She said that she believed the fear was that women would seek out space in women’s sports, and would compete to be equals or close to equals to men. "And so homophobia was used to marginalize women athletes and dismiss them."

Pieper stated that lesbianism worries went well beyond athletes.

She said that coaches, especially in the 1980s, used to accuse other coaches being lesbians to scare athletes away from their schools and onto their teams.

Breaking the 'boundaries for gender'

Renee Richards was the first transgender woman athlete to make national headlines. She is also believed to have been the first transgender woman to play professional sports.

Richards sued the U.S. Tennis Association over the 1977 requirement that women undergo genetic testing in order to participate in the U.S. Open. Although she won the case, she lost a lot of matches that year. These included matches against Virginia Wade from Britain and Navratilova.

Richards sparked fears that transgender women would "herald end of women's sport as we know," Joanna Harper, a medical doctor and author of "Sporting Gender": "The History, Science, and Stories of Transgender and Intersex Athletes" said.

"Renee is the pioneer transgender woman. Harper stated that she was the first trans woman. Harper said, "That will always remain the most important thing she has ever done."

Only a few trans athletes have broken the sports barrier in the decades since Richards was first. CeCe Telfer, a track star, became the first openly trans athlete to win an NCAA title in 2019. Laurel Hubbard, a New Zealand weightlifter, became first transgender woman to participate in the Olympics. She did not win any medals. According to the LGBTQ sports publication out Sports, only 30 trans athletes have participated openly in NCAA. And few of them have made the headlines.

Lia Thomas, a trans swimmer from the University of Pennsylvania broke records at last month's Ivy League Championships. She is now scheduled to compete in Wednesday's NCAA Women’s Division I Swimming and Diving Championships in Atlanta. Thomas has been the subject of intense media scrutiny due to her appearance. Conservative news sites have used her former name, also known as "deadnaming", and featured photos of her before her transition.


Although Thomas is often portrayed as an unbeatable athlete, she has suffered a few losses. She finished sixth in the 100-yard freestyle at Yale University.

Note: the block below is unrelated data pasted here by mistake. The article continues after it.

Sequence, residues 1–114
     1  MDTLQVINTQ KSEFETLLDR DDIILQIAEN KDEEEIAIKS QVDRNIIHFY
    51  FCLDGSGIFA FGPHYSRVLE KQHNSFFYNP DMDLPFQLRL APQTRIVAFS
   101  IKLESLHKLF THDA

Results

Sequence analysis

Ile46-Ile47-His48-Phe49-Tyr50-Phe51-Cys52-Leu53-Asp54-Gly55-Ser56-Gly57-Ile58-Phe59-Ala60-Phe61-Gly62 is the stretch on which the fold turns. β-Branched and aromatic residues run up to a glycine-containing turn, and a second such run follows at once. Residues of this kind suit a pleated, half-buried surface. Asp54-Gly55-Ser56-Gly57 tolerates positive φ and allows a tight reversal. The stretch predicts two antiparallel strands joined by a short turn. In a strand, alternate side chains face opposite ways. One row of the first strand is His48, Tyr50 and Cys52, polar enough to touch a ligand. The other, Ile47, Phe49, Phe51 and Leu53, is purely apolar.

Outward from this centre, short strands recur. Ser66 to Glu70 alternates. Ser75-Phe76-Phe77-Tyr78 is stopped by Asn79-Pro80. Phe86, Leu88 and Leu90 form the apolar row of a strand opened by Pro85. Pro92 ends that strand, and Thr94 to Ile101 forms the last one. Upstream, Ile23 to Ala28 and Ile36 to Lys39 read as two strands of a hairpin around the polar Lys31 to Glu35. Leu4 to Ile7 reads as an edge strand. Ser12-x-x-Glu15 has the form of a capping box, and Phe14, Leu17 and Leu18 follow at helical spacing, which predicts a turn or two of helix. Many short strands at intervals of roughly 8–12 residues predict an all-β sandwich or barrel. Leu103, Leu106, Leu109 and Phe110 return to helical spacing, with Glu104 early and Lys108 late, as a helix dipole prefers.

Thomas, 22 years old, stated that she was a woman and just like everyone else on the team. "I have always considered myself a swimmer. It's what my life has been all about; it's what makes me happy.

The International Olympic Committee released a new framework last November. It removed requirements for medically unnecessary procedures and treatment that put limits on testosterone levels. However, it left the requirements up to individual sport governing bodies. USA Swimming, the sport’s national governing body, changed its policy last month to require elite trans women athletes to suppress testosterone for three years. This was in response to growing media criticism about Thomas. Many of Thomas' supporters believed that this was an attempt to stop her competing at the NCAA Championships. Thomas, who started transitioning in May 2019, won't be allowed to compete because the NCAA hasn't adopted this change.

Harper stated that testosterone-based policies for transathletes in general are not equivalent to gender policing. She called USA Swimming's 36-month policy "problematic" because trans women's hemoglobin, which is responsible for carrying oxygen to their muscles, drops to similar levels to cisgender females in less than a year of hormone therapy. This causes them to lose significant endurance.

Although the science is still limited, it has been shown that transgender women are able to keep an average athletic edge even after one year of hormone therapy. This is despite having lost a lot of muscle mass. These studies did not include professional or elite athletes. However, the results do raise questions about how long trans athletes should wait to compete after hormone therapy.

Harper stated that "The question is not 'Do transwomen have advantages?'" Harper added that athletes have certain advantages, and that trans women do have some advantages. But can trans women and cis females compete in meaningful competition against each other? That is the crucial question. This is the fascinating question. That's a difficult question to answer.

"How can you compete if your opponent is allowed to win?" '

Despite decades of scrutiny, professional sports have changed dramatically for female athletes since Helen Stephens' famous Look magazine photo.

The U.S. Olympic team this year had the highest number of female athletes ever in the history of Winter Games. Additionally, an increasing number of LGBTQ Olympians have been participating in the Olympics. Queer women are often far more common than their male counterparts. The landmark agreement between the U.S. Soccer Federation and the U.S. Women's National Team will guarantee equal pay for male soccer players.

Despite gains, female athletes still face obstacles, especially when it comes to financing, equal pay and media coverage. Some trans advocates claim that the attention on this tiny subset of athletes, which culminated in 11 states' passing laws to ban trans women from female sports teams within the last two years, overshadows other issues.

Cahn stated that although there are legitimate questions about trans female athletes and fairness in competition, conservatives are focusing their attention on transgender athletes to "draw a line and defend traditional ideas of gender."

She said, "They're doing this in the name fairness for girls. And it's people that've never fought to fight for gender equality or equality or to increase funding for women's sport."

Thomas continues to be the subject of speculation and outrage. Many are expecting Thomas to break records in this week's NCAA finals. Harper stated that she expects a "huge outcry" if Thomas wins any of her events.

Harper, a trans woman, stated that it is a fact of trans athletes that they can compete in women’s sports provided they don't win. Harper, who is trans, said that if we win it would be problematic. You can't compete if you don't win.